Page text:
Mercedes-Benz Cape Town Fashion Week bowed last week, the third fashion week in Africa for the month of July alone. Perhaps indicative of the growing popularity of men’s wear in the African market, MBCTFW opened at its new venue at The Watershed along the V&A Waterfront with a show by Goose Homme Prorsum, a new label from young Cape Town designer Snorley McLarean. Other men’s wear designers who showed strong collections during the three-day event included Ruald Rheeder and Adriaan Kuiters.
According to Sizwe Nzimande, group marketing executive of African Fashion International, which owns MBCTFW, “We always look to provide a platform for up-and-coming designers to enhance and drive their careers in fashion.” Goose Homme Prorsum was, along with XIPIXI, one of the two designers who made their debut in Cape Town.
“I wanted to create a collection that would have people at the edge of their seats, and I think I’ve achieved that,” McLarean said. “I am still in shock that I was asked to be the opening event.”
Using fabric he’d been storing since 2010, including a chain-and-rope scarf print reminiscent of Gucci and Hermès that was tailored into a shirt-and-shorts ensemble, the former architecture student-turned-fashion designer explained that he was aiming for “the dapper, preppy, international male. Men in South Africa play it safe too much. They need to be more daring.”
Prices for the 18-month-old label, he added, are accessible, ranging from 800 South African rands, or $63 at current exchange, to 10,000 South African rands, or $790, for a bespoke suit.
Refusing to be boxed in by an African identity, he chose a name for his brand that sounded slightly eccentric and slightly British. “Using my own name as my brand is not part of my strategy for getting famous,” he stressed.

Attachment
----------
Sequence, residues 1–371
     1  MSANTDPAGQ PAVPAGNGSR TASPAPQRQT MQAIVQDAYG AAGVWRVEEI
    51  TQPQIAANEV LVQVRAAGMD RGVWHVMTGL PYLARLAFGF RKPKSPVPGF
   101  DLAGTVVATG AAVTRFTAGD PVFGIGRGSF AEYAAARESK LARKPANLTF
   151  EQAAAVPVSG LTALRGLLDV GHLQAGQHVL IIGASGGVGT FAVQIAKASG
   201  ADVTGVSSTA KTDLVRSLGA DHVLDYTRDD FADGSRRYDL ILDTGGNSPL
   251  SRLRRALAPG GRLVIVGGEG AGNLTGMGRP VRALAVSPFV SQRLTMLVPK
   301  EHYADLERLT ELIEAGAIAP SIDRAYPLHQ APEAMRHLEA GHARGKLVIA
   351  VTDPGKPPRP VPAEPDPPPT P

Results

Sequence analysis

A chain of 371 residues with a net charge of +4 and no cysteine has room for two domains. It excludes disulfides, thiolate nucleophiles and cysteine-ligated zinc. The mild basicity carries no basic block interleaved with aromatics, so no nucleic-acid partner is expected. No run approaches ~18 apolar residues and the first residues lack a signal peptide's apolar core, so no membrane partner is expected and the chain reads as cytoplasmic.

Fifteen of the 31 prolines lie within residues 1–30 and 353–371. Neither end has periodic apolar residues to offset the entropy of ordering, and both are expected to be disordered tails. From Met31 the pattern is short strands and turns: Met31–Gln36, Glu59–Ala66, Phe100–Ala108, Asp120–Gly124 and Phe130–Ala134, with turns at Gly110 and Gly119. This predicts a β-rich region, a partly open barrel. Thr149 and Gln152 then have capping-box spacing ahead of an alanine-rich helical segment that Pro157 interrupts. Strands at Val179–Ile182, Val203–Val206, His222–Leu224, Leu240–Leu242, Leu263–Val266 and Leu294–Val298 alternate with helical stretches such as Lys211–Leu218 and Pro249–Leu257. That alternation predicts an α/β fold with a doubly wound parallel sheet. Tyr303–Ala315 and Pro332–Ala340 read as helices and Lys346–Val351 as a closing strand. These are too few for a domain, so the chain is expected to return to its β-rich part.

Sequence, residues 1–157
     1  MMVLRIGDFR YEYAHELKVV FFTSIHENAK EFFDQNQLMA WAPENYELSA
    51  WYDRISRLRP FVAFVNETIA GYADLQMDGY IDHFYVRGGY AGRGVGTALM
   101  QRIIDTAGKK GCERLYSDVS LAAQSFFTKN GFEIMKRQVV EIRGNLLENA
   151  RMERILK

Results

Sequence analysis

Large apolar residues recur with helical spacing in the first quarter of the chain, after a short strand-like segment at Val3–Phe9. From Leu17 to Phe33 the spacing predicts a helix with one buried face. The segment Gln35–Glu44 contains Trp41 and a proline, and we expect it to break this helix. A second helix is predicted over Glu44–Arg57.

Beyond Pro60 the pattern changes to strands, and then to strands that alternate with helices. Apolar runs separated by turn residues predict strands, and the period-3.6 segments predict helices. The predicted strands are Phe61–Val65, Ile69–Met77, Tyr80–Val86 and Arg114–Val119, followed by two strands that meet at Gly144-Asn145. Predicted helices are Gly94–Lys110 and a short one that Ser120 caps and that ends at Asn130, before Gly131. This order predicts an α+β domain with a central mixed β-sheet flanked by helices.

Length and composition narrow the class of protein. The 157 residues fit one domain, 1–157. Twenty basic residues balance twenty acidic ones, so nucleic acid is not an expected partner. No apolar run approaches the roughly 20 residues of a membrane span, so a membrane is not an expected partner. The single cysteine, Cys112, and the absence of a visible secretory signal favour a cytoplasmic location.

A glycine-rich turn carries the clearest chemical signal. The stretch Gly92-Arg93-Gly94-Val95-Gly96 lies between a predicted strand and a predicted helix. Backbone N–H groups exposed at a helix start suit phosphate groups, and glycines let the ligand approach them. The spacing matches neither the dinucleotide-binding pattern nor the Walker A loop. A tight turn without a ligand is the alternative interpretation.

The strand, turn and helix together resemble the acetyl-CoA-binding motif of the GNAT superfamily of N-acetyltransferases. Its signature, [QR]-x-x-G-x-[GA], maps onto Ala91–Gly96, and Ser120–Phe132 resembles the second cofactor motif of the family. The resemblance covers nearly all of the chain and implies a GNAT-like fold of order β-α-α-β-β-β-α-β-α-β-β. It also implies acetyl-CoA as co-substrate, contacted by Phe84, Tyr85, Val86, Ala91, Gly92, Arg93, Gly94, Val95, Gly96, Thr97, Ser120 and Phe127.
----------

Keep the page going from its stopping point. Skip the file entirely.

Another first at the event was the showing of David Tlale’s initial bridal collection, which consisted of 20 pieces. Tlale, one of South Africa’s most established designers, has shown during New York Fashion Week.
The second edition of South African Menswear Week, featuring spring 2016 in the Southern Hemisphere, took place earlier in July, in between the European and New York men’s wear weeks, in keeping with the organizers’ intentions to put SAMW on the international calendar for the sector.
The fashion calendar is already crowded, both in South Africa and abroad, acknowledged SAMW cofounder Simon Deiner, who also happens to be a runway photographer. “We’d like to think that we cut through this by offering the first focused platform, and it appears this has worked, especially due to the way the media locally and internationally have viewed the shows. It does mean we need to offer a viable case for our designers to showcase on our platform; we simply do not have the financial backing of the other SA platforms, but rather invest heavily in our public relations, show spaces and events, than the frills often associated with a fashion week.”
His goal, he said, is that SAMW is seen “as the business platform. We’re working closely with businesses and organizations, such as The South African Fashion Council to develop programs that designers can use to make manufacturing, sourcing and distribution more efficient. As we grow, we also expand our African designer offering to eventually make SAMW the ‘African’ stop on the international men’s wear calendar each season.”
Among the standouts were Orange Culture from Nigeria, which presented a flamboyant Seventies-inspired collection, as well as Oath by Rich Mnisi, Jenevieve Lyons, Terrence Bray, Augustine, MaXhosa by knitwear specialist Laduma and Fundudzi by Craig Jacobs.